Roberts Documents Provide Sweeping View of Career

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Supreme Court nominee John Roberts completes a questionnaire from the Senate Judiciary Committee. In it, Roberts says if confirmed he'd respect settled law. The document will be reviewed by the Senate Judiciary Committee, which will be considering Roberts' nomination in September.


Supreme Court nominee John Roberts has completed a questionnaire for the Senate Judiciary Committee. The 100-page document outlines the nominee's education, career and finances. NPR's Ari Shapiro reports.

ARI SHAPIRO reporting:

From his birth in Buffalo, New York, to the conversations that John Roberts had with White House officials just days before he was nominated to the Supreme Court, this document gives a broad sweep of Roberts' life, all in question-and-answer format.

Question: Has anyone involved in the process of selecting you as a judicial nominee discussed with you any specific case, legal issue or question?

Answer: No.

Throughout the Q&A, Roberts' language is measured. There is none of the fire or wit that have come across in some of the documents he wrote while at the Justice Department. This questionnaire reads more like a job application. When asked his views on judicial activism, Roberts replies, `Judges must be constantly aware that their role, while important, is limited. They do not have a commission to solve society's problems as they see them, but simply to decide cases before them according to the rule of law.' Roberts goes on to say, `Precedent plays an important role in promoting the stability of the legal system,' and he says `A judge must have the humility to be fully open to the views of his fellow judges on the court.'

Roberts' career, as described in this document, is one of a man who spent much of his professional life in government, working for Republican administrations. He describes going to Tallahassee in November of 2000. He says Republican lawyers asked him, quote, "to assist those working on behalf of George W. Bush on various aspects of the recount litigation." Later, Roberts says he returned to Florida to meet with Governor Jeb Bush to discuss some of the legal issues in the recount battle.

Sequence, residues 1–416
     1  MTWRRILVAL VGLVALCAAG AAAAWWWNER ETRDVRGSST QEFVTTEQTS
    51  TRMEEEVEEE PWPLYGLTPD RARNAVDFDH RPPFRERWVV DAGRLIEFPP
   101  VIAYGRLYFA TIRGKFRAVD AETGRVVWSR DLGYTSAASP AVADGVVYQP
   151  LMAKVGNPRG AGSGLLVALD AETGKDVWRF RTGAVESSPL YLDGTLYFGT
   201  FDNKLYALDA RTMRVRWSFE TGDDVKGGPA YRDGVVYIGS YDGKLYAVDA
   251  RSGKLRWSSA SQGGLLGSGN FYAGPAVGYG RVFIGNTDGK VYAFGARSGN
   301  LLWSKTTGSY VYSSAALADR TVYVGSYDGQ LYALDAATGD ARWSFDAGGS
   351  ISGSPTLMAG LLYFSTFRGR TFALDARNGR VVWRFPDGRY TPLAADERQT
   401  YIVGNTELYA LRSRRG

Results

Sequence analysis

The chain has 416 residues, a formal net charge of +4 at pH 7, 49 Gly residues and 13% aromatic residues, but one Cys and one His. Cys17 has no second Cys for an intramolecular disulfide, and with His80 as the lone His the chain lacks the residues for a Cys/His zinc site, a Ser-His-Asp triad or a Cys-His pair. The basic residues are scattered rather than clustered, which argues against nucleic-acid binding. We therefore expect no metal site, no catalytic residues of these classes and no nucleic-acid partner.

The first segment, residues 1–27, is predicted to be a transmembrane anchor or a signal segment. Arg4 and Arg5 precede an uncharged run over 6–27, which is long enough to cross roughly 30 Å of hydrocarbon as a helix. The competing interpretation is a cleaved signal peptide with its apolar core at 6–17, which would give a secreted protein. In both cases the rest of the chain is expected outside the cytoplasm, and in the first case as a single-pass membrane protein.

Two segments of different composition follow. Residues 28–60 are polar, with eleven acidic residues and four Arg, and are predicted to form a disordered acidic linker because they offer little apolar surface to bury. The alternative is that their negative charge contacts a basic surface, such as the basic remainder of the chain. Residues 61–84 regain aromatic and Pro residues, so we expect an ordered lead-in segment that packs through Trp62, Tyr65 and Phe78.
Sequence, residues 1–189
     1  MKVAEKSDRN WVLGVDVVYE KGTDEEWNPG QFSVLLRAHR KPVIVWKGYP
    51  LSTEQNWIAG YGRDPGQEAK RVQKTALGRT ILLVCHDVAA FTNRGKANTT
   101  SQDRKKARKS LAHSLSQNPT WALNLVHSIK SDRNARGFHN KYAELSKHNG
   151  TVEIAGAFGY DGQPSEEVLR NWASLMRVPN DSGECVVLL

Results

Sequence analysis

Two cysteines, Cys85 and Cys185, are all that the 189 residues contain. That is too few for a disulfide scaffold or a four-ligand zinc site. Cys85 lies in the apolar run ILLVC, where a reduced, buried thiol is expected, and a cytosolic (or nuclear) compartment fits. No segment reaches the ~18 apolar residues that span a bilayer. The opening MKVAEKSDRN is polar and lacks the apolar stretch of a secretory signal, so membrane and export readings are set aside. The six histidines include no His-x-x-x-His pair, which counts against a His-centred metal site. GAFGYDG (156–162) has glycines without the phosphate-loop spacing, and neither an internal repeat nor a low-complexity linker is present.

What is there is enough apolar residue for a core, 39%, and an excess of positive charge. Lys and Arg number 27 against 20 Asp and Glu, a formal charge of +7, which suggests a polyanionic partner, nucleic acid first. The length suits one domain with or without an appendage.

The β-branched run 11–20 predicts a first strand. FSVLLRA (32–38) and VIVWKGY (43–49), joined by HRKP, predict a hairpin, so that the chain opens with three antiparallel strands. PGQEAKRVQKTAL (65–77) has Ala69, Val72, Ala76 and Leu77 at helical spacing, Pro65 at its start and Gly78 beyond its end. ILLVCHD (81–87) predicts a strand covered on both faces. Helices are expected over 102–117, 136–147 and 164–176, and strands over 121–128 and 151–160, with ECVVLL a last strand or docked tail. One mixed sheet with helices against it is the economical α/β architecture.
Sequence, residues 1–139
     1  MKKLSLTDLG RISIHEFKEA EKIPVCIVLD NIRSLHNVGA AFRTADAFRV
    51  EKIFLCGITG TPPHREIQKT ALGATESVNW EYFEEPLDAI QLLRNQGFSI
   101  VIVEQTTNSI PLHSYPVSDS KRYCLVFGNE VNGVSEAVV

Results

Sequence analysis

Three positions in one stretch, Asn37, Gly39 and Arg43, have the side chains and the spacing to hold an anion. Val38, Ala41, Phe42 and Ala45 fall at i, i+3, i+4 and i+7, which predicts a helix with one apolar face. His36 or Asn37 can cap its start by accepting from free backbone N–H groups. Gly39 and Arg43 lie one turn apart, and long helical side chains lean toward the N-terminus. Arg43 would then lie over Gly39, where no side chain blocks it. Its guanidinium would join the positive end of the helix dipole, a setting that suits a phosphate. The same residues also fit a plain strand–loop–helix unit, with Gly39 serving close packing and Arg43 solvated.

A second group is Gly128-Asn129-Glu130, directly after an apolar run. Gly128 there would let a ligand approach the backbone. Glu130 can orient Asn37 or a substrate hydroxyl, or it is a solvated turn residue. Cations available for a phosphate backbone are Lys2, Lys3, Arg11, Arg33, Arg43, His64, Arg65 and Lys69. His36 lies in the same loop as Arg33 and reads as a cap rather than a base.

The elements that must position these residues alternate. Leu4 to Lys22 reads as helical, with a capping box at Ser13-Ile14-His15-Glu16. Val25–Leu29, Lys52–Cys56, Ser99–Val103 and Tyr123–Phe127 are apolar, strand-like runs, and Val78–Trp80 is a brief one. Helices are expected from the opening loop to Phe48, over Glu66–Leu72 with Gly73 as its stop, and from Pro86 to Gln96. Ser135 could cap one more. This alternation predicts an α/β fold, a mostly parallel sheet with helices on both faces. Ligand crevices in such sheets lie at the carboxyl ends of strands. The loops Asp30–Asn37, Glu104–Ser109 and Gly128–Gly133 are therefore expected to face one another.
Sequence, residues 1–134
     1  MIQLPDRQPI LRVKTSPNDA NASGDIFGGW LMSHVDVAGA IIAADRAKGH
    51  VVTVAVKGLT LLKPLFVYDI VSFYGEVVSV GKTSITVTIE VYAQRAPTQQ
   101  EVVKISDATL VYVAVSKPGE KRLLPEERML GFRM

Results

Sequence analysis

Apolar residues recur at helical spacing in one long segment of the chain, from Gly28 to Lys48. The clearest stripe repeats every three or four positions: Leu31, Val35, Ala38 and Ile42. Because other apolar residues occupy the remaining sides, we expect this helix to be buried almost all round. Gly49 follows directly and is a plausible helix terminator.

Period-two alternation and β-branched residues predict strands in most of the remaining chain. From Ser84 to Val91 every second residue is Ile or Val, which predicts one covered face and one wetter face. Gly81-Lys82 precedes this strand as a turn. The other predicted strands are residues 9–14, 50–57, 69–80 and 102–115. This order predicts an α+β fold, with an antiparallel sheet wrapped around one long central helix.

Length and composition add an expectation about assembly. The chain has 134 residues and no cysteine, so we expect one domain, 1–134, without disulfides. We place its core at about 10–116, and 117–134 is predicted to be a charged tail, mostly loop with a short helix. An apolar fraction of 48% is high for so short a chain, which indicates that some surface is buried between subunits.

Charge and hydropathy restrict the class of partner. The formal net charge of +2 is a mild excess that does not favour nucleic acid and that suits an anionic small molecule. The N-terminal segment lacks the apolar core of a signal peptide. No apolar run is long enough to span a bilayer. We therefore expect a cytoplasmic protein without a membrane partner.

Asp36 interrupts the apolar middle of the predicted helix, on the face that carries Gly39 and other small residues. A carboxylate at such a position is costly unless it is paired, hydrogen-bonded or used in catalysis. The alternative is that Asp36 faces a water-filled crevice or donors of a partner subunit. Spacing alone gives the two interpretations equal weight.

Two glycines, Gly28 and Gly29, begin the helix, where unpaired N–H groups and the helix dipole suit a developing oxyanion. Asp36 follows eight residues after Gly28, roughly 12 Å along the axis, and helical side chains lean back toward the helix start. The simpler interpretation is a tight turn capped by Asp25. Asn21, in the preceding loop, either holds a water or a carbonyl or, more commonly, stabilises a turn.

The question of whether Roberts belonged to the conservative Federalist Society has been hotly debated in the press. Roberts cites press reports that indicate he had some involvement, but he claims not to recall that involvement. He says, however, that he has participated in society events.

Outside of his time in government, Roberts' private-sector work does not read like that of an ideologue. As a partner at a major DC law firm, Roberts took on a range of clients from very different backgrounds. In one case, for example, he represented without pay a group of people trying to hold on to their public assistance. One of his co-counsels in that case was the ACLU.

Even Roberts' financial holdings seem benign in this questionnaire. He does not report any travel paid for by outside groups, for example. His only liability is the mortgage on his house.

The one judicial complaint against Roberts is almost comical. It was filed earlier this summer when Roberts was hearing cases in the DC Circuit Court of Appeals. It arose after Roberts denied a man's claim that he was under imminent danger of serious physical injury. The man didn't like the way his case was decided. He accused Judge Roberts of practicing medicine without a license. The complaint was dismissed.

All of this information now becomes fodder for confirmation hearings. The Senate Judiciary Committee says hearings will begin the day after Labor Day. If they go smoothly and Roberts is confirmed, he could be sworn in by the time the high court convenes again in early October.

Ari Shapiro, NPR News, Washington.


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